The only negative was that marketers took less-than-ideal prices for what was a good crop of potatoes, Searle said.
The market did eventually kick higher in June and July, but that benefitted a relatively small number of growers because it came so late in the season.
On Sept. 28, the f.o.b. for 60-count 50-pound cartons of russet norkotahs was $17.50-18, up from just $6-6.50 on the same date a year ago and up from $13-15 per carton the same week two years ago.
Meanwhile, 90-count 50-pound cartons were priced at $10-11, up from $6-6.50 last year but off from $13-13.50 two years ago.
The cutback in acreage and the size profile of the crop points to a fairly good price season, said Scott Phillips, vice president of sales and marketing for Nonpareil Corp., Blackfoot, Idaho, Foodservice operators were nervous about long term pricing in September, as growers-shippers were still determining the size availability.
Jim McBride, sales manager for Mart Produce, Rupert, said size 40-60 count cartons will receive premium prices this year.
Smaller carton size and bag potatoes will have less strength, though McBride said lower yields may push those prices up as well.
While some retailers like to buy 60 counts for bulk display at supermarkets, McBride said the quantity of that size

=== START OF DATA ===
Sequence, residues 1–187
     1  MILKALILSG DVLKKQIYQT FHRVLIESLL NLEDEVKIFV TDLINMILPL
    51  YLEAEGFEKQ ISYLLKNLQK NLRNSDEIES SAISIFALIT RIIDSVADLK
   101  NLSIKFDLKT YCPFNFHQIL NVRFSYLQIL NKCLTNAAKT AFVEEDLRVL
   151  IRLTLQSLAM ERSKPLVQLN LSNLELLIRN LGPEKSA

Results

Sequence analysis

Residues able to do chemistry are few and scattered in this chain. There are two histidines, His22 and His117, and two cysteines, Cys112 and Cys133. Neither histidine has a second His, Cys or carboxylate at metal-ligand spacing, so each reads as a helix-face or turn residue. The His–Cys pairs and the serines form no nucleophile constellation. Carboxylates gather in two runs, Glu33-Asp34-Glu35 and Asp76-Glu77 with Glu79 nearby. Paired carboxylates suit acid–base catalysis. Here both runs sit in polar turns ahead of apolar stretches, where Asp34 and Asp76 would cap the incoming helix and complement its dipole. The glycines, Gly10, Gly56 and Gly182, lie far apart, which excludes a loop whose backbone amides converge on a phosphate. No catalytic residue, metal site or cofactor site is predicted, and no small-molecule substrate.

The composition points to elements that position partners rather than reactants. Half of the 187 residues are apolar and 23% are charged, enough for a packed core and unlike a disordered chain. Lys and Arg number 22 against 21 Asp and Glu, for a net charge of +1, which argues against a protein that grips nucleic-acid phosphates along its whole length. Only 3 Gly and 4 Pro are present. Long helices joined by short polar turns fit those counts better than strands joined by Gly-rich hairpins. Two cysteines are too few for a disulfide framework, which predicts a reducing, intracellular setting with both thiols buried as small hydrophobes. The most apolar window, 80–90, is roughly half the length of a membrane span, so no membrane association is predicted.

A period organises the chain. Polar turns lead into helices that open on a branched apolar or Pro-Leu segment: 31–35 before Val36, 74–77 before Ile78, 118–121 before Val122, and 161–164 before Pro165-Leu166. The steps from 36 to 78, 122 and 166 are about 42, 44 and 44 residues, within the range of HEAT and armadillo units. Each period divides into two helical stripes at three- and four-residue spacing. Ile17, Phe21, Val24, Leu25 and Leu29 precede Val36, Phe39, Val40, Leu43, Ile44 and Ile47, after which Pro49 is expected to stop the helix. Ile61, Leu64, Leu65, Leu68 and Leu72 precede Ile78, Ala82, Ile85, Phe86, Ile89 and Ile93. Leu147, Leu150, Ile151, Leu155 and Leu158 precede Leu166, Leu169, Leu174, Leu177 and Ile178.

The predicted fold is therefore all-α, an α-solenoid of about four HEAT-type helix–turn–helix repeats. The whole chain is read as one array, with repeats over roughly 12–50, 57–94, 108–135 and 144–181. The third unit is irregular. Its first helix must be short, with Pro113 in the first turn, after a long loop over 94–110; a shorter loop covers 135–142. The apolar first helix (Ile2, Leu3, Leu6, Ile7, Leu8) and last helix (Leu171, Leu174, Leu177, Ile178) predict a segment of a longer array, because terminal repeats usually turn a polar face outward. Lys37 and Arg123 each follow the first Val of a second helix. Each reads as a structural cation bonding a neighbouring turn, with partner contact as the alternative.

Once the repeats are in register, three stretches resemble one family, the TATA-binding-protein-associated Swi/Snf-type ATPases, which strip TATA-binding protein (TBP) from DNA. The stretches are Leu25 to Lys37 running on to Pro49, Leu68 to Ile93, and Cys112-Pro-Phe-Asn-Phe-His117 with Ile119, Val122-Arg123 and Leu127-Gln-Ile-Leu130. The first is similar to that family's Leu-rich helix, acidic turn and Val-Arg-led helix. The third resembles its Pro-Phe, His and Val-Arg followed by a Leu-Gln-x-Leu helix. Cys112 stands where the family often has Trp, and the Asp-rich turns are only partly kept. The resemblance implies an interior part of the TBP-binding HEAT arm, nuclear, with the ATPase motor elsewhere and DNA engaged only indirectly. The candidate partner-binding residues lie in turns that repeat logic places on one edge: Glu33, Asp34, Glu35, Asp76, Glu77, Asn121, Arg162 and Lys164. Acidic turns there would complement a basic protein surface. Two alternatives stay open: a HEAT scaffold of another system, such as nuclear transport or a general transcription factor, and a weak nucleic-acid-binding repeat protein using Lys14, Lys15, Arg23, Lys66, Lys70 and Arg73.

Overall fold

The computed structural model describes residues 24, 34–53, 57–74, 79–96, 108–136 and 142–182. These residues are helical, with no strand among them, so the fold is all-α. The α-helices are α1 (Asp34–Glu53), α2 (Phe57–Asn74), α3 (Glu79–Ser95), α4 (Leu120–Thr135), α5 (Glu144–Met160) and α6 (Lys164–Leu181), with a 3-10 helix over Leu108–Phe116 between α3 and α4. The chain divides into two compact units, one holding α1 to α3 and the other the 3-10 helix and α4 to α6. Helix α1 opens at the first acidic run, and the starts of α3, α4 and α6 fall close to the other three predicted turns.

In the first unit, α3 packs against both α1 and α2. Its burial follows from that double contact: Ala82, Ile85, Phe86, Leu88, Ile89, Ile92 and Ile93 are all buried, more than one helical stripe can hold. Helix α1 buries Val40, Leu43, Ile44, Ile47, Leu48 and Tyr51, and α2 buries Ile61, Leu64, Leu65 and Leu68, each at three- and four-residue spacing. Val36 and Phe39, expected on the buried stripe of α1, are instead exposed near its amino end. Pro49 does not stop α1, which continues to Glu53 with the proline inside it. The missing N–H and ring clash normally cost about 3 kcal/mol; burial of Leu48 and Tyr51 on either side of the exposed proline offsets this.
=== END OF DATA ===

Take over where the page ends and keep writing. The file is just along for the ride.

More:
will be off this year.
“They may have to downsize potato size for display, because (60s) may not be available,” he said.
More 3-pound, 5-pound and 10-pound consumer bags will be shipped from Idaho this year, he said.
If growers sense there is a shortage developing, they will be a reluctant sellers, Garnand said.
Ralph Schwartz, director of value added marketing for Potandon Produce L.L.C., Idaho Falls., said the market prices should be higher this year.
However, he said that if retailers are keen to promote potatoes, it could cause the industry to concede on f.o.b. prices early in the season to move more volume.
If Idaho shippers “blow and go” with promotions now, it could create a shortfall of supply and sharply higher prices by next summer, he said.